It is no surprise that the some of the Chicago neighborhoods with the highest rates of heat related deaths were also those with the highest levels of violent crime in the year preceding the heat wave.  Neighborhoods that had slowly deteriorated over during the second half of the twentieth century presented a unique challenge to the socially vulnerable: escape to the cooling centers and public spaces outdoors, where they risked falling victim to the violent criminal activity in their neighborhoods or stay in their suffocating apartments.  Many “chose” to stay and many died.


Table 3 from page 85 of “Heat Wave: A Social Autopsy of Disaster in Chicago”.

Ten years following the Heat Wave, Hurricane Katrina devastated the Gulf Coast of Mexico in the Summer of 2005.  Unfortunately, the lessons learned in Chicago were ignored in the Gulf Coast and 1,100 residents of New Orleans and St. Bernard Parish died when levees broke.  Again, the socially vulnerable bore the brunt of the storm.  At the time, Louisiana was the second poorest state in the Union.  More than 90,000 people in Louisiana made less than $10,000 a year.  African-Americans made 40% less in the Gulf Coast than whites.


Twenty-three percent of the New Orleans residents were considered poor (which was 76% higher than the national average).  Moreover, one in four New Orleans residents didn’t have access to a car, which might have been useful for escaping Katrina.  Moreover, the poor in the Gulf Coast overwhelmingly live in substandard housing- which was problematic when levees broke, unleashing the high waters of the flooding Lake Pontchartrain and the Mississippi River.


Those unfamiliar with how poverty works often assume that in times of emergency, individuals use personal resources to avoid catastrophe.  The problem with this is the assumption that individuals have personal resources at their disposal to avoid catastrophe.  Many don’t; they just paid the rent; it’s a week until pay day.  Many of the poor are forced to weather such events in place. Most of the time, this isn’t about the personal responsibility of individuals who don’t evacuate or seek out cooling centers.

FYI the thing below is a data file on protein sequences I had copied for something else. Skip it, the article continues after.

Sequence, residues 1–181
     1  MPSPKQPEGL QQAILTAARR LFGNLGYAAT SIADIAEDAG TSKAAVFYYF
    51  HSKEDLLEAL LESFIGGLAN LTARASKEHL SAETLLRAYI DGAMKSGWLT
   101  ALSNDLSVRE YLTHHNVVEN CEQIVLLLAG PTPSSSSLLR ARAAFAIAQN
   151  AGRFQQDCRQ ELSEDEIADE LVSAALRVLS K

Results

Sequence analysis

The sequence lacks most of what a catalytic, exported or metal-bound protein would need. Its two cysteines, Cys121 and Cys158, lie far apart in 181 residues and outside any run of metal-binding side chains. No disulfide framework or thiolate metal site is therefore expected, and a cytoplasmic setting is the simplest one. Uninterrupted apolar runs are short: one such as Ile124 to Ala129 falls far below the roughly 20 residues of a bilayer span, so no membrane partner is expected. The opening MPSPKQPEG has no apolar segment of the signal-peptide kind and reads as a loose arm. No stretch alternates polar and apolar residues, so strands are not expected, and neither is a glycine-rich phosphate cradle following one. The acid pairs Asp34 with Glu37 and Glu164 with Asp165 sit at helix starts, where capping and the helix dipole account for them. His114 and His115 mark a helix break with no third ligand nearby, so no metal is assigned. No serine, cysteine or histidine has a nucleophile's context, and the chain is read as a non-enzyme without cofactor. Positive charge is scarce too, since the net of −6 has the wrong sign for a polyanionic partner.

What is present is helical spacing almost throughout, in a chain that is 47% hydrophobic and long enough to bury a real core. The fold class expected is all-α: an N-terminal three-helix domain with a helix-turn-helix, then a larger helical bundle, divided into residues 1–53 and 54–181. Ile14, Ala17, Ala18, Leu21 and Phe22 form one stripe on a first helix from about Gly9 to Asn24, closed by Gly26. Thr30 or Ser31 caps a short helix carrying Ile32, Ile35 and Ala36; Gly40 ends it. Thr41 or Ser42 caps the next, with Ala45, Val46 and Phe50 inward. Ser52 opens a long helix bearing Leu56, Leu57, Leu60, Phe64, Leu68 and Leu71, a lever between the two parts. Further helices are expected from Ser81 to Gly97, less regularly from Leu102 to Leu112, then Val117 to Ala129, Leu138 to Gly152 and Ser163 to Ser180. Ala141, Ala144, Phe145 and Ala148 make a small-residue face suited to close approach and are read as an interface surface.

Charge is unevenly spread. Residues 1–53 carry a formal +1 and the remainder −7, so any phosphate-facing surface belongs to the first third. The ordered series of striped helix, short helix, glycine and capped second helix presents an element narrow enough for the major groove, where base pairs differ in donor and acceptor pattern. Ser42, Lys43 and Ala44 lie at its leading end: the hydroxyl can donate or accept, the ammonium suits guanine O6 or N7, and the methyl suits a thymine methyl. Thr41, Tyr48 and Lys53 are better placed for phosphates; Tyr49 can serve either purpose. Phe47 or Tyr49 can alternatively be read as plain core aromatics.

The Pressure and Release (PAR) Model of Vulnerability and Disaster by Blaikie et al (1994)

This is about poverty and inequality in America.  Inequality before, during and after emergent weather events predicts the harm and devastation experienced by individuals.  Increasing inequality in America means that we can expect not only greater vulnerability to these events, but also greater devastation among those who are least likely to survive it.

Useful Resources

Klinenberg, Eric. 1999.  Denaturalizing Disaster: A Social Autopsy of the 1995 Chicago Heat Wave.  Theory and Society 28: 239-295.

Klinenberg, Eric. 2002. Heat Wave: A Social Autopsy of Disaster in Chicago. Chicago: The University of Chicago Press.

Center for American Progress.  2005.  Who are Katrina’s Victims?

Berube, Alan and Bruce Katz.  2005.  Katrina’s Window: Confronting Concentrated Poverty Across America.  Brookings Institution.

Berube, Alan and Steven Raphael.  2005.  Access to Cars in New Orleans.  Brookings Institution.